In a joint press release, the two entities reassured customers that they’d continue to operate “as standalone brands,” promising to preserve each companies’ “iconic brands.”

But such early day promises don’t always last.

While this announcement has its own resonance for investors and the business landscape of fast food outlets, I’m wondering where fast food fits into readers’ lives these days.

I don’t drink coffee, and doughnuts are not my friend as I try to hold the line on middle-age spread. Matter of fact, most fast food has become unattractive to me for a variety of reasons. But we go on long road trips where finding a washroom becomes somewhat attractive. I don’t have a data plan for my phone, so free wifi is another attraction. (Note: It’s only polite to buy something when utilizing services, so I will get a pastry, or a side of fries at the golden arches.)

The public radio demographic is famously stereotyped as Prius-driving, granola heads. So the sample audience for this post may well lean toward outliers (which Merriam-Webster defines as “a statistical observation that is markedly different in value from the others of the sample”).

Still, I am curious. Canadians, is Tim’s really special to you? If so, can you describe why?

And readers on both sides of the border, have you seen your relationship with fast food change over the years? How so and why? Do you see that happening in general, or just in more health-conscious spheres?

For me, fast food chains have become occasional travel hubs that have almost nothing to do with the food they offer. What are they to you?

Old timers know what love is all about


Old Gay Couple on a Harley. Photo: Thaths, via Creative Commons, some rights reserved.

Not teenagers. In fact, you could argue that Romeo and Juliet were motivated more by lust than love–hard to separate at that age. So, when I came across a Boston Globe story about an 80 and 90 year old who re-found each other after decades, well past the season of lust, it got me to thinking about love.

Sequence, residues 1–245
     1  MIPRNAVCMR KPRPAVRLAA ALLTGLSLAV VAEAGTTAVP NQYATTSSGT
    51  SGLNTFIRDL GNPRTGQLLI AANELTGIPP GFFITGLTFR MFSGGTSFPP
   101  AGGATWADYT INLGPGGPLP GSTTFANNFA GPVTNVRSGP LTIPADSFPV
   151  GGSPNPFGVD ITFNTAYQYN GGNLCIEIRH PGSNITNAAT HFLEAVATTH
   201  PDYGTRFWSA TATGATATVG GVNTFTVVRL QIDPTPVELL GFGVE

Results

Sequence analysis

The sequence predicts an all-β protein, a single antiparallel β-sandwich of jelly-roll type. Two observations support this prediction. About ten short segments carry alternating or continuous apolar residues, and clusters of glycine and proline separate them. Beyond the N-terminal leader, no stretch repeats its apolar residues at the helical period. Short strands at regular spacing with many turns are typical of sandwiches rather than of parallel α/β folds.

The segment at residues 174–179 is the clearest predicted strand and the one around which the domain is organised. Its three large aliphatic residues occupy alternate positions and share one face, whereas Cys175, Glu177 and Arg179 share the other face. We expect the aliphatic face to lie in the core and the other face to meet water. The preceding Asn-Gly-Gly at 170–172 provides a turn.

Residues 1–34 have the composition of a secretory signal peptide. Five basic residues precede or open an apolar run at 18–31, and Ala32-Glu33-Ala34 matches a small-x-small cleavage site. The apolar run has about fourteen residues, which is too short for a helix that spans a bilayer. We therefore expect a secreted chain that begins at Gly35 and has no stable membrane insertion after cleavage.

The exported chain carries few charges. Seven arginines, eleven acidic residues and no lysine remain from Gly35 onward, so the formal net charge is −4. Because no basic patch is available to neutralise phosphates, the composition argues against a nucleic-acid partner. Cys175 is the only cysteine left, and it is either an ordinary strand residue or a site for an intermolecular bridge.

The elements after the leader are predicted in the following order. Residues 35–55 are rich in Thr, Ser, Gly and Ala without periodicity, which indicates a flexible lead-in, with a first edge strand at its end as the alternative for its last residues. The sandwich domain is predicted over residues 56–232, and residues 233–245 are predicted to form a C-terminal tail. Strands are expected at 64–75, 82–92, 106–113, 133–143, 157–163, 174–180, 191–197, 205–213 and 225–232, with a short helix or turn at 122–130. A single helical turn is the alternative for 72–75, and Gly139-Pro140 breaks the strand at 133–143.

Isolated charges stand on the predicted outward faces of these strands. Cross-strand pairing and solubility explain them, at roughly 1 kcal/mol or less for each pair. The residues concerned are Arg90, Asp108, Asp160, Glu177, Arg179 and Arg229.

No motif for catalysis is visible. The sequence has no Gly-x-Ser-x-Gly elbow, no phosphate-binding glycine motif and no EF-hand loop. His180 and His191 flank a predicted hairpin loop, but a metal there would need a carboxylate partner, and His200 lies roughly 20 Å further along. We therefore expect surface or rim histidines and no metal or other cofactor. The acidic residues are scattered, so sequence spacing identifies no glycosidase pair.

My mother, who outlived three husbands, and loved each of them dearly, was full of advice about love and relationships. Generally, she seemed to be right. Some of her ideas may seem a bit quaint in this day of online dating and blurred social practices (e.g., always let the man think he’s smarter than you–yikes!), but the Henrietta Rules definitely worked for her–and some of them for me.

Here are the standouts.

1. Take care of each other. In sickness and in health. Good times and bad. Be there for each other.

I think this one moves to the top of the list as we age. I’ve seen friends care for their partners through life-threatening or terminal illnesses and been moved to tears of respect for how much energy, selflessness and love this takes. This is the extreme. But taking care of each other is part of daily life when you’re in a marriage or committed partnership. Helping each other get through each day with a little love.

2. Don’t nitpick. Or, as some would say, don’t sweat the little stuff.

Y’know, everyone snores or makes equally irritating noises. My father, to the day he died, wiped each piece of silverware before using–in our home, as well as at restaurants. My mother shrugged and refused to take it personally. (Dad had spent much of his youth in a Lower East Side tenement–sanitation definitely an issue.) We all have habits or tics that may be at best unattractive and at worst drive others to distraction. I always saw the “don’t nitpick” as a basic requirement for living with anyone–partner or roommate.

3. Enjoy life, with each other.

My mother had true joie de vivre. She loved to eat, she loved to travel, she loved to socialize with friends and family, she read voraciously, listened to music, and enjoyed most of these activities with her husband(s).

4. It’s only money.